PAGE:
This week’s From the Archive looks at the fascinating column of a Penarth historian, detailing the seedy history of the town.

The column describes how during the reign of Queen Elizabeth I, “Penarth in the Severn Sea” was described as being a “foul nest of pirates and outlaws”.

At the time, the Vale was good land and its inhabitants rich; its’ port was excellent harbour.

This led to a collaboration between raider and pirates, and locals only too happy to receive their ill-gotten goods.

Ships would be seized on their way to Bristol, Gloucester and even Cardiff, with goods stolen and crews often murdered.

Things came to a head when two Breton ships were captured within months.

Bristol merchants, incensed at the lost trade, would arm a ship to battle the Penarth pirates at their own game, while petitioning Queen Elizabeth for help.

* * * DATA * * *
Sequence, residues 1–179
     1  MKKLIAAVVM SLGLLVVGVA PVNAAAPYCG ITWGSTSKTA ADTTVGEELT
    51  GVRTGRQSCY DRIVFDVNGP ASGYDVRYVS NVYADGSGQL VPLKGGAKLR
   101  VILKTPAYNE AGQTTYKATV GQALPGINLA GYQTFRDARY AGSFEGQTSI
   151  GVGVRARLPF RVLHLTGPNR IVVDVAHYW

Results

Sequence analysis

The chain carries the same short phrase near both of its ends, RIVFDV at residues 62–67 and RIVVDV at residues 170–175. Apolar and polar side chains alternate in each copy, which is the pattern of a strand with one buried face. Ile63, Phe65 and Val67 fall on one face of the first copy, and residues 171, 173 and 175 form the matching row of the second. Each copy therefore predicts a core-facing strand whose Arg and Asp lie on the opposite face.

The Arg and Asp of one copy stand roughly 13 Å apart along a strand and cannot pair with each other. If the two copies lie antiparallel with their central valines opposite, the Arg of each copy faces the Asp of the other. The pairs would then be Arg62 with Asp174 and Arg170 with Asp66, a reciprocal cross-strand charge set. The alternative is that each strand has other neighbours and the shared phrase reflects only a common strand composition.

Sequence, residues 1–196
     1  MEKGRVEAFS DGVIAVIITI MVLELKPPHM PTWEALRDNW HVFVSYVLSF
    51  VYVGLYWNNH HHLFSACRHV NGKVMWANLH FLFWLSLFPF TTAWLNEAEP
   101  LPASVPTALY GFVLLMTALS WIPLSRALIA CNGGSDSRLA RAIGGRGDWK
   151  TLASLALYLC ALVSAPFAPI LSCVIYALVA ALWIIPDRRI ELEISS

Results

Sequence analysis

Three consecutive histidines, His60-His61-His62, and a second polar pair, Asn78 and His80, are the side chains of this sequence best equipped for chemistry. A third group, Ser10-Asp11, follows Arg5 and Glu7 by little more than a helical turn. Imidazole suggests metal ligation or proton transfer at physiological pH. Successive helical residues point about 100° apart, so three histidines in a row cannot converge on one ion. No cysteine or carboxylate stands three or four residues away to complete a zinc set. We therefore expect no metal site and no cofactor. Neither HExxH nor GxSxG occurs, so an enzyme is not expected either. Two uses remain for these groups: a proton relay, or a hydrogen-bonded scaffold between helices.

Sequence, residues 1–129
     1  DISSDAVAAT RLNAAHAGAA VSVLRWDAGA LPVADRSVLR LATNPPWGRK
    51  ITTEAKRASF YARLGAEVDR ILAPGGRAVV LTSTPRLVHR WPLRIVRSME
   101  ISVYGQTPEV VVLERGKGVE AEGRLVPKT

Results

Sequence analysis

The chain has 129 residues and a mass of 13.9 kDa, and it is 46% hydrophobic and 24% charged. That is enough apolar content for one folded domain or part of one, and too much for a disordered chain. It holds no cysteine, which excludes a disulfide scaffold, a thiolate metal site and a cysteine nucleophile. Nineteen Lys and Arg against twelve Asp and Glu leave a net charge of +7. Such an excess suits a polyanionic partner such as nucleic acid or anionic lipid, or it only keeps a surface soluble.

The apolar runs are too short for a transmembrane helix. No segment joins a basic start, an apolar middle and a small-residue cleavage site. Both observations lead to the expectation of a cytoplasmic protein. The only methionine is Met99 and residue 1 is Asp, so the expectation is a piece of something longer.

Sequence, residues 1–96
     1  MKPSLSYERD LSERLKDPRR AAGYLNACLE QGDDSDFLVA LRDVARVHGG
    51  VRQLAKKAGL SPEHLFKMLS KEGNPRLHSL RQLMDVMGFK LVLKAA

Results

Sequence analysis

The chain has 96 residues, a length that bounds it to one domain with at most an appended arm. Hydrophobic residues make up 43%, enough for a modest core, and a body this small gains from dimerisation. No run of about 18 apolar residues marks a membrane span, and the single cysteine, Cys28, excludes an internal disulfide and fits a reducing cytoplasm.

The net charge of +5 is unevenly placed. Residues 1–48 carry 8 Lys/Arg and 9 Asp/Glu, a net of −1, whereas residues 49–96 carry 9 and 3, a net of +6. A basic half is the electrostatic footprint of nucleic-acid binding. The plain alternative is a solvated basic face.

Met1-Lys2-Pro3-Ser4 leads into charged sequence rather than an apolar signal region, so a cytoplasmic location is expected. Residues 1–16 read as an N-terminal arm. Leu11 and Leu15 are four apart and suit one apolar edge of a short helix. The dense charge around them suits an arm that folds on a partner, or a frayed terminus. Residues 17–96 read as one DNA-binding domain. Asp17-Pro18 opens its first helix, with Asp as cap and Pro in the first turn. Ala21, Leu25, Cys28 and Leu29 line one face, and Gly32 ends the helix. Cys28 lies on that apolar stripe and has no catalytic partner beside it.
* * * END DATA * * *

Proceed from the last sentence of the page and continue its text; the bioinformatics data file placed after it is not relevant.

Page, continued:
The Queen appointed sheriffs and deputies of the law - namely Sir E. Stradling, E. Mansell and J. Matthews - who themselves appointed a band of soldiers and adventurers.

Realising the pirates only survived with the help of collaborating farmers in the Vale, the group unleashed a wave of terror.

Buildings were burned, animals slaughtered, and the threat of the gallows loomed over all.

The tactic worked, and the pirates abandoned the area as their clientele vanished.

Further attempts to commit piracy in the area were met with swift justice, with several men - including Edward Kemys of Cefn Mably (a former sheriff of Glamorgan) being implicated.